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Expert Views - India's consumer inflation eases to 4.31 percent in September

Reuters  |  MUMBAI 

(Reuters) - India's annual consumer price eased more than expected to 4.31 percent in September, its lowest level in 13 months, helped by smaller rises in food prices, government data showed on Thursday.

Economists surveyed by Reuters had expected annual retail to come in at 4.80 percent last month, compared with 5.05 percent in August.

SHUBHADA RAO, CHIEF ECONOMIST, YES BANK

"Essentially it's a story of food taking headline lower.

"Going forward we expect to continue to grind lower, especially in the November-February period, even lower than 4 percent, which would mean headline would undershoot by at least 30 basis points, if not more, from RBI's target of 5 percent (in March 2017)."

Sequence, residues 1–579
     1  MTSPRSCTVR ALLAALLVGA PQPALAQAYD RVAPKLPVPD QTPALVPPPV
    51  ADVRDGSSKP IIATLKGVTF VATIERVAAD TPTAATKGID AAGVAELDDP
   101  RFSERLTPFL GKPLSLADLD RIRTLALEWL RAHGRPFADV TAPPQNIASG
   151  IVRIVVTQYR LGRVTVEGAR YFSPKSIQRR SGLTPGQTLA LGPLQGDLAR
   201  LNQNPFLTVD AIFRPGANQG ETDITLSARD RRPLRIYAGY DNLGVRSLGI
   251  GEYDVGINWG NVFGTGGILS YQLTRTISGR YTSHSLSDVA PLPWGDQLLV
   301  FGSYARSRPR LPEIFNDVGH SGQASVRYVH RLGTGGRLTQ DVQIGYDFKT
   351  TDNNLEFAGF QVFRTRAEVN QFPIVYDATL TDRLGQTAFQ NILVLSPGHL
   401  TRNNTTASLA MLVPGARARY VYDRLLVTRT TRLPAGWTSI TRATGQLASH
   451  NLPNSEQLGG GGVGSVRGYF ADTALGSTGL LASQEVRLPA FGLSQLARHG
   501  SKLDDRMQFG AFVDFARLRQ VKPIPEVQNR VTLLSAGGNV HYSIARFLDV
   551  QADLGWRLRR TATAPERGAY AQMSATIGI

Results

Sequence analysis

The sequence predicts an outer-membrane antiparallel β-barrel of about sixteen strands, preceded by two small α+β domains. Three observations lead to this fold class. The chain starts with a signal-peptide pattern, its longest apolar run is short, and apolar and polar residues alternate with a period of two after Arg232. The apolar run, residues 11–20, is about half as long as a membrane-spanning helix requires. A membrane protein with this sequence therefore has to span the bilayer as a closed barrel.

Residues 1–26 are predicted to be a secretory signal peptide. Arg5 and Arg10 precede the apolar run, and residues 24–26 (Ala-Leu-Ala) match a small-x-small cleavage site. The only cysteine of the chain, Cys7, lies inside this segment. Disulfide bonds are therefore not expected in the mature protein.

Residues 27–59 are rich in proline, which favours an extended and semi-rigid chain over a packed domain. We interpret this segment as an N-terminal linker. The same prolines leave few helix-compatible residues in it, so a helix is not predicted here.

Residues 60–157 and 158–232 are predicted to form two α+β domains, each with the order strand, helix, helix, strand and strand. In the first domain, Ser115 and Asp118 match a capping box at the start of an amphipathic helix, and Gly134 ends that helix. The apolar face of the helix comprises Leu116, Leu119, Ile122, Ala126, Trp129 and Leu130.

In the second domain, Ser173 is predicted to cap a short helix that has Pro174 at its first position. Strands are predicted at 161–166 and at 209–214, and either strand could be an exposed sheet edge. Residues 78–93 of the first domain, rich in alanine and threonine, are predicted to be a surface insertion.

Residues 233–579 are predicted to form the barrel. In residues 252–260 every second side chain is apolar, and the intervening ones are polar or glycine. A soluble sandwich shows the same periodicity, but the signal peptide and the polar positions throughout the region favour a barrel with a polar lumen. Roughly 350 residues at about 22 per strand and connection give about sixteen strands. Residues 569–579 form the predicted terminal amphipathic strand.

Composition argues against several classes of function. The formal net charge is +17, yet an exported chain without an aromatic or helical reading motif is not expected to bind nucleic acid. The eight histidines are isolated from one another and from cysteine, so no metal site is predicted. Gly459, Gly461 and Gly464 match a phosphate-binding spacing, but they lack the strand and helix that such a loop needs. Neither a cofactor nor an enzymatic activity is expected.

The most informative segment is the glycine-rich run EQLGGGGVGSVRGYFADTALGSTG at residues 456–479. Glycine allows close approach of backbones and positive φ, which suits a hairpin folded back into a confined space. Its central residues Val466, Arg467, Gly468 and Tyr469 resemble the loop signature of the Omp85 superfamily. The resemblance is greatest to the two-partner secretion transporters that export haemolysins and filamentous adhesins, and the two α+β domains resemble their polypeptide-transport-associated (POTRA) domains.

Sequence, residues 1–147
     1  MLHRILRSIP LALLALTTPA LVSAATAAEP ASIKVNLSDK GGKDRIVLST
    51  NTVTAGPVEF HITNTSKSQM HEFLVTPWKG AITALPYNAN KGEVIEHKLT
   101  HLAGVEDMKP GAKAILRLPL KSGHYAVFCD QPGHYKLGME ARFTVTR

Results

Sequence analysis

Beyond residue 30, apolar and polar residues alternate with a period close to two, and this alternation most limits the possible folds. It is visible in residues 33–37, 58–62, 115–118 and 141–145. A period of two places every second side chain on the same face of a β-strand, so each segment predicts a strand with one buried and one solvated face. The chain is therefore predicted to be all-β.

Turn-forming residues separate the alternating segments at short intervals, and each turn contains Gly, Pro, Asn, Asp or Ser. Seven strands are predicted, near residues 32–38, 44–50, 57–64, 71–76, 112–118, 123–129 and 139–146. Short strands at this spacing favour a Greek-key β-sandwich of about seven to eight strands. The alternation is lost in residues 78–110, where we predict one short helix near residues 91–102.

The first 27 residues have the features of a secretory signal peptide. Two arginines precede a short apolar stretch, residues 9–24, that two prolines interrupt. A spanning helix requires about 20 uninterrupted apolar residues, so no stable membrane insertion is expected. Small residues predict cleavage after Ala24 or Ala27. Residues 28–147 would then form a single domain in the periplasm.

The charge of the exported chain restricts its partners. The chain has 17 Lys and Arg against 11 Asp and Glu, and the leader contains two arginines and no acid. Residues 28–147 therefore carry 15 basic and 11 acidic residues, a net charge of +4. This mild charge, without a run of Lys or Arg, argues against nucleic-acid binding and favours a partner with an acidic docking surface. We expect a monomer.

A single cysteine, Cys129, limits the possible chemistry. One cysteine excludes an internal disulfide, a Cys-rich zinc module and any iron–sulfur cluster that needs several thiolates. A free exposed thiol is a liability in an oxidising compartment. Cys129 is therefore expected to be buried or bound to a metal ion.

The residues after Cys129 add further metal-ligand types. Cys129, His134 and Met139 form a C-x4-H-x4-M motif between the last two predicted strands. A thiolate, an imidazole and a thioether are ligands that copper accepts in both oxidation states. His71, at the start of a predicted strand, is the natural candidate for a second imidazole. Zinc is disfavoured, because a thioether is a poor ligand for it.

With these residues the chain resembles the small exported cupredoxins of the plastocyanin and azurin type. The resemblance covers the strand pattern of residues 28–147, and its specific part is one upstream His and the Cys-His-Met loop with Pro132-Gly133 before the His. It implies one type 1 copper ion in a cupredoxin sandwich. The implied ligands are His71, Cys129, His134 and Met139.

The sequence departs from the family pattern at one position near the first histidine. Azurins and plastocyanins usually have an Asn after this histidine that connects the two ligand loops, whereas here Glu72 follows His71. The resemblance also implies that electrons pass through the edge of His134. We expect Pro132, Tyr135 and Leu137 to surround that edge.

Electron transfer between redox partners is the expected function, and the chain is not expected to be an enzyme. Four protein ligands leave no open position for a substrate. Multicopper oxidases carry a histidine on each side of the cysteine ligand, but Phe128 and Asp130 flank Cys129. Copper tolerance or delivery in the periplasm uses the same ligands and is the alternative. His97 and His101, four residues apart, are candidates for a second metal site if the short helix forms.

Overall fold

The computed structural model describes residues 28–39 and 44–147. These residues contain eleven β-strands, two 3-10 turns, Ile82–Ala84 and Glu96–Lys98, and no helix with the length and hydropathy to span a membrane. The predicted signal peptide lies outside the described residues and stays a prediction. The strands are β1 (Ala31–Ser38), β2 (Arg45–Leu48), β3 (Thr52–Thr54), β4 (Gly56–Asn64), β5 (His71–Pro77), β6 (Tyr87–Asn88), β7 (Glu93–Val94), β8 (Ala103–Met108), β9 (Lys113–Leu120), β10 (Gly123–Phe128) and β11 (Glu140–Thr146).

"Hence we see additional room of 25 bps rate cut in this fiscal (year)."

DHIRAJ SACHDEV, FUND MANAGER, HSBC ASSET MANAGEMENT, MUMBAI

"Numbers were better-than-expected and that clearly suggests that is on track to be in-line or lower than RBI's expectations of 5 percent for January-March quarter. So that paves the way for RBI to sustain the rate-cutting cycle.

"We can expect another rate cut of 25 basis points by the end of the calendar year, and if sustains in the early part of next year then we could see more rate cuts. We do expect 50-75 basis points cut in the next 12 months."

RADHIKA RAO, GROUP ECONOMIST, DBS, SINGAPORE

"Softer than consensus CPI in September paves the way for further slippage in October-November. Base effects and cooling food prices were the main drags. This is likely to fuel expectations for a rate cut in December.